Athens is a kaleidoscope city, where ancient ruins mix with modern sprawl. Perfect for urban explorers, here's how to dive into alternative Athens and what to look for.
A different side to Athens is waiting
When most people think about Athens, the first thing that comes to mind is the Acropolis and ancient monuments. Others might think of the popular Plaka neighborhood and the maze of cobbled little streets.
What greets them on arrival, is an often chaotic city, especially outside the historic centre. Mix in the traffic, noise, and spray-painted walls, and it can come as a shock to some.
Others though, embrace the chance to dive deeper into the Greek capital, and take a look underneath the surface. Welcome, to alternative Athens!
Discovering Alternative Athens
Ask any Athenian what they mean by “alternative side of Athens”, and you are likely to get a few different answers.
Some people will talk about the seemingly never-ending street art, to which many Athenians are rather used to and perhaps even fond of, as opposed to many visitors.
It’s true that graffiti and street art can be seen pretty much everywhere in the city. Some of the biggest artworks cover whole blocks of flats, and it's not always been commissioned.
For some tourists this makes the city look dirty and shabby. Locals might argue that it adds character and charm – well some of them at least!
Exarchia Riot Area
To others, “alternative Athens” describes controversial areas like Exarcheia, where residents have created informal groups organizing independent events such as gigs, Greek classes, communal cooking etc. Exarchia has also been linked with anarchy, political activism, the odd riot and, in the past few years, refugee squats.
At the same time, it is quite common to come across drug users, and even drug sellers. It gives Exarchia an edgy feel, that can generate a mix of fascination with the uncomfortable.
Off the beaten track Athens
To me though, alternative Athens for tourists is more about getting away from the regular attractions (of which Exarchia is arguably becoming one!), and getting out into the neighborhoods of Athens that barely get a mention.
For example, if you don’t want to hike all the way up the popular Lycabettus hill, you can go to Strefi Hill instead. Just off Exarcheia, this hill is great for views, but it’s much less popular and therefore much less crowded. Hike up and enjoy the fresh air and cool vistas.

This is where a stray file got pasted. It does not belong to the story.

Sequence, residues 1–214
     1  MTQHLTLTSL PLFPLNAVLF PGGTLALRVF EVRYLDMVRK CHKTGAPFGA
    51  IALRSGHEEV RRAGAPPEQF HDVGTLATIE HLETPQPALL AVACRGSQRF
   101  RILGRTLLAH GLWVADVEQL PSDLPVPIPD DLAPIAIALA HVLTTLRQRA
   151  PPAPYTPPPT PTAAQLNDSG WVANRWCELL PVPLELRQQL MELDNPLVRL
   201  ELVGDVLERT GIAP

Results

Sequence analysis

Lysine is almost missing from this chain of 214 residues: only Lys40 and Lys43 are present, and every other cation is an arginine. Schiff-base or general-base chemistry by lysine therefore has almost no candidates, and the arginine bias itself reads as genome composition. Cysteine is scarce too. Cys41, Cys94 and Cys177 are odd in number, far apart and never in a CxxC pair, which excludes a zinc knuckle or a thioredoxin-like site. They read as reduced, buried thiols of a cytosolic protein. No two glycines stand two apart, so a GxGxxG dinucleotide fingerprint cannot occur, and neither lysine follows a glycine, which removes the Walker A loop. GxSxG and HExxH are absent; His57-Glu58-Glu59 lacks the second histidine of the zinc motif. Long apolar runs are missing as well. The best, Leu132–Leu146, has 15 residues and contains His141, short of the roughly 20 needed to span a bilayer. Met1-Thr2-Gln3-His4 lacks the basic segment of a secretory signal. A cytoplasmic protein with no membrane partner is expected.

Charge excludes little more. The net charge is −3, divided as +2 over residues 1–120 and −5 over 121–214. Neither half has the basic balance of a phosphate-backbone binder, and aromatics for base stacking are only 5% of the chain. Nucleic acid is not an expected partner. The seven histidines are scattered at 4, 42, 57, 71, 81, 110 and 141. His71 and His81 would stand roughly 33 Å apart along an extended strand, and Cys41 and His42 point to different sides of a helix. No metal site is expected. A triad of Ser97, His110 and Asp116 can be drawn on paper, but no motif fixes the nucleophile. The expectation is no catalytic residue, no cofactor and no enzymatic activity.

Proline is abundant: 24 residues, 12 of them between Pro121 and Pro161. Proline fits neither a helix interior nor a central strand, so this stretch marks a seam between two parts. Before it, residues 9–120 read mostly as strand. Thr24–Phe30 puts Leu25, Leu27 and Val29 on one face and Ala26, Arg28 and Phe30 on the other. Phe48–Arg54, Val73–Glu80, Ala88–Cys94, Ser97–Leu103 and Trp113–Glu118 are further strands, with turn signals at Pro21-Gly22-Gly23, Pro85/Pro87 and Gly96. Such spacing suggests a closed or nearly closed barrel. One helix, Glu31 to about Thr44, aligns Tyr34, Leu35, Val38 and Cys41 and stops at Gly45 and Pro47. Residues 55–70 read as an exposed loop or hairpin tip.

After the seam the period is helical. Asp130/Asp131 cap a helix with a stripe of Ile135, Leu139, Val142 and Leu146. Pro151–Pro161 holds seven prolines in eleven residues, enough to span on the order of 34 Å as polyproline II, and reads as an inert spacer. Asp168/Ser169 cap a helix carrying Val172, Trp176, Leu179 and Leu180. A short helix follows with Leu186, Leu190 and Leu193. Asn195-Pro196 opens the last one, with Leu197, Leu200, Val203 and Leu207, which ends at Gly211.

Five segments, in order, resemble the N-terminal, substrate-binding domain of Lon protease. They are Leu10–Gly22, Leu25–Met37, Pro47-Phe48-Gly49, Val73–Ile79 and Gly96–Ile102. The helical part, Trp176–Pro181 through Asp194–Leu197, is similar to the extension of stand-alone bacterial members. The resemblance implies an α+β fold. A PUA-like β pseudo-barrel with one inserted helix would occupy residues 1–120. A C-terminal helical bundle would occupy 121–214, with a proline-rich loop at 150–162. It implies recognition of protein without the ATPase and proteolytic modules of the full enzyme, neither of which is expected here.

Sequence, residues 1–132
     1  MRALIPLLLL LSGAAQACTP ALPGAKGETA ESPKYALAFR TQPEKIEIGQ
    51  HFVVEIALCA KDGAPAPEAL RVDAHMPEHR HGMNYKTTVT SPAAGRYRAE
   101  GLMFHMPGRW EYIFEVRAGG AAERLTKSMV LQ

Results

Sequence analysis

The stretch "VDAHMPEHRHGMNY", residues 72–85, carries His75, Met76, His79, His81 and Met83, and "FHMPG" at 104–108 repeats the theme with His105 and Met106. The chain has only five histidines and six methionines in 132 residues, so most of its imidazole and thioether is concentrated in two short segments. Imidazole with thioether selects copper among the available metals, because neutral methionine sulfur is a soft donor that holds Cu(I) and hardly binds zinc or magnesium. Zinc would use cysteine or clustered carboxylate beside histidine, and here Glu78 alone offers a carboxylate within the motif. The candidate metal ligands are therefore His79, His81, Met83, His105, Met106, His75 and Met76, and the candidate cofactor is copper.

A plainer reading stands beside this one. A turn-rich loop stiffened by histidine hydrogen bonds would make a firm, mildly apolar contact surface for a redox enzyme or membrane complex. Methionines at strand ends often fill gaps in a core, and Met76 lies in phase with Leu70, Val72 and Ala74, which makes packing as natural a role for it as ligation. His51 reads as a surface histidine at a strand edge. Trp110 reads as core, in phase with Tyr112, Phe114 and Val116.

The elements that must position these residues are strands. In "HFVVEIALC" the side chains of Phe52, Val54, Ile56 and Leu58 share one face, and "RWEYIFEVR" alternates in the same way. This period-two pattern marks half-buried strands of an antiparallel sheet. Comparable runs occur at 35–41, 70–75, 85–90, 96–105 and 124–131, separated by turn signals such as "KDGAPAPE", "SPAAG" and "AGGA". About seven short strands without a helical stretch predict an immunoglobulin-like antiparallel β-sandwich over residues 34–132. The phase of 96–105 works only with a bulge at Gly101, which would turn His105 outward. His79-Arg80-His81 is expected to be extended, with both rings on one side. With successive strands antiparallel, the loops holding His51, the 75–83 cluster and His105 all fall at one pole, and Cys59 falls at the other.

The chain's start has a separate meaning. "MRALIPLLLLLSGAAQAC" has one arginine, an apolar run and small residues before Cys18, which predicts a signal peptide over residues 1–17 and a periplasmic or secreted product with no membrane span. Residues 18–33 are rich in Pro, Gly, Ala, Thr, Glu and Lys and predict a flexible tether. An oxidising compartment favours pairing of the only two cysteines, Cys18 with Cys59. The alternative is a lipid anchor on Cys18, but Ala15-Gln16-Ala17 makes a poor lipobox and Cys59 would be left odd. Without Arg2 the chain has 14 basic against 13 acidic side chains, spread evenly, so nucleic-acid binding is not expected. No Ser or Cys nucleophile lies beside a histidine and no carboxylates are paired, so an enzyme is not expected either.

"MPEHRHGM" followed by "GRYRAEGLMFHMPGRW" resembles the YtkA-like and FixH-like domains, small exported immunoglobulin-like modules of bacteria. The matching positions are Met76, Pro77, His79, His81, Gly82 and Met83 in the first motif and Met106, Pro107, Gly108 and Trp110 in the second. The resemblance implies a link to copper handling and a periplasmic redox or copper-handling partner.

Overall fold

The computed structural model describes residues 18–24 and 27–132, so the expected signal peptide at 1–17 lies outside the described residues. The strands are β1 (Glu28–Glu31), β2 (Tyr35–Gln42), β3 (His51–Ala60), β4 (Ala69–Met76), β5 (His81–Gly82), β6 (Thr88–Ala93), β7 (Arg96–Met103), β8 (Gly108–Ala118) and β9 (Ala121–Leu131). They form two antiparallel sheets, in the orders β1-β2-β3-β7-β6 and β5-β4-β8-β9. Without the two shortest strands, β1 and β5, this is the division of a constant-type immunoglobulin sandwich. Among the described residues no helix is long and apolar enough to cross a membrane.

Hidden gems in Athens
When it comes to “hidden gems”, many Athenians would mention upcoming neighborhoods such as Pagrati, which is at the back of the Panathenaic Stadium. Pagrati isn’t too popular with tourists, unless they happen to be staying there, but it’s got plenty of restaurants and café-bars frequented by young people, offering a lot of choice for an evening out.
At the same time, even the more popular areas of Monastiraki and Psirri have well-hidden secrets. Picture cute coffee places, great street food options, cool terraces with a view to the Acropolis and vintage record stores. The street art is pretty impressive too.
Try taking a private tour in Athens, and a local can show you where even more hidden gems are.
Central Food Market and Red Light District
Another local place that most visitors love is the Varvakios food market, divided in several sections. Here you can taste some olives and other goodies, and possibly buy some fruit and snacks to take to your hotel. You can also get some souvenirs for back home, such as olives, olive oil, herbs and spices.
Nearby, you can also visit the area of Metaxourgio. Once a part of the town dominated by a large silk factory, Metaxourgio was a workers’ settlement.
When the silk factory closed down, the people who remained in the area had to find other means to support their families.
Today, Metaxourgio is full of places to eat and drink, interspersed with a few art galleries. There's also an unofficial red light district, although with white lights. Go figure.
Exploring Alternative Athens
I've got a couple of Athens itineraries such as my 3 days in Athens itinerary which scratch the surface of alternative Athens. If you want to really get a taste for it though, private tours in Athens with a local are the way to go.
They'll be able to take you to the latest hip and happening place, show you freshly sprayed street art, and even better, you get to chat with a local as well!
Not sure how many days to spend in Athens? Take a look here: How many days do I need in Athens Greece?
Interested in more alternative things to do in Greece? Take a look at the Free and Real Greece project for more!
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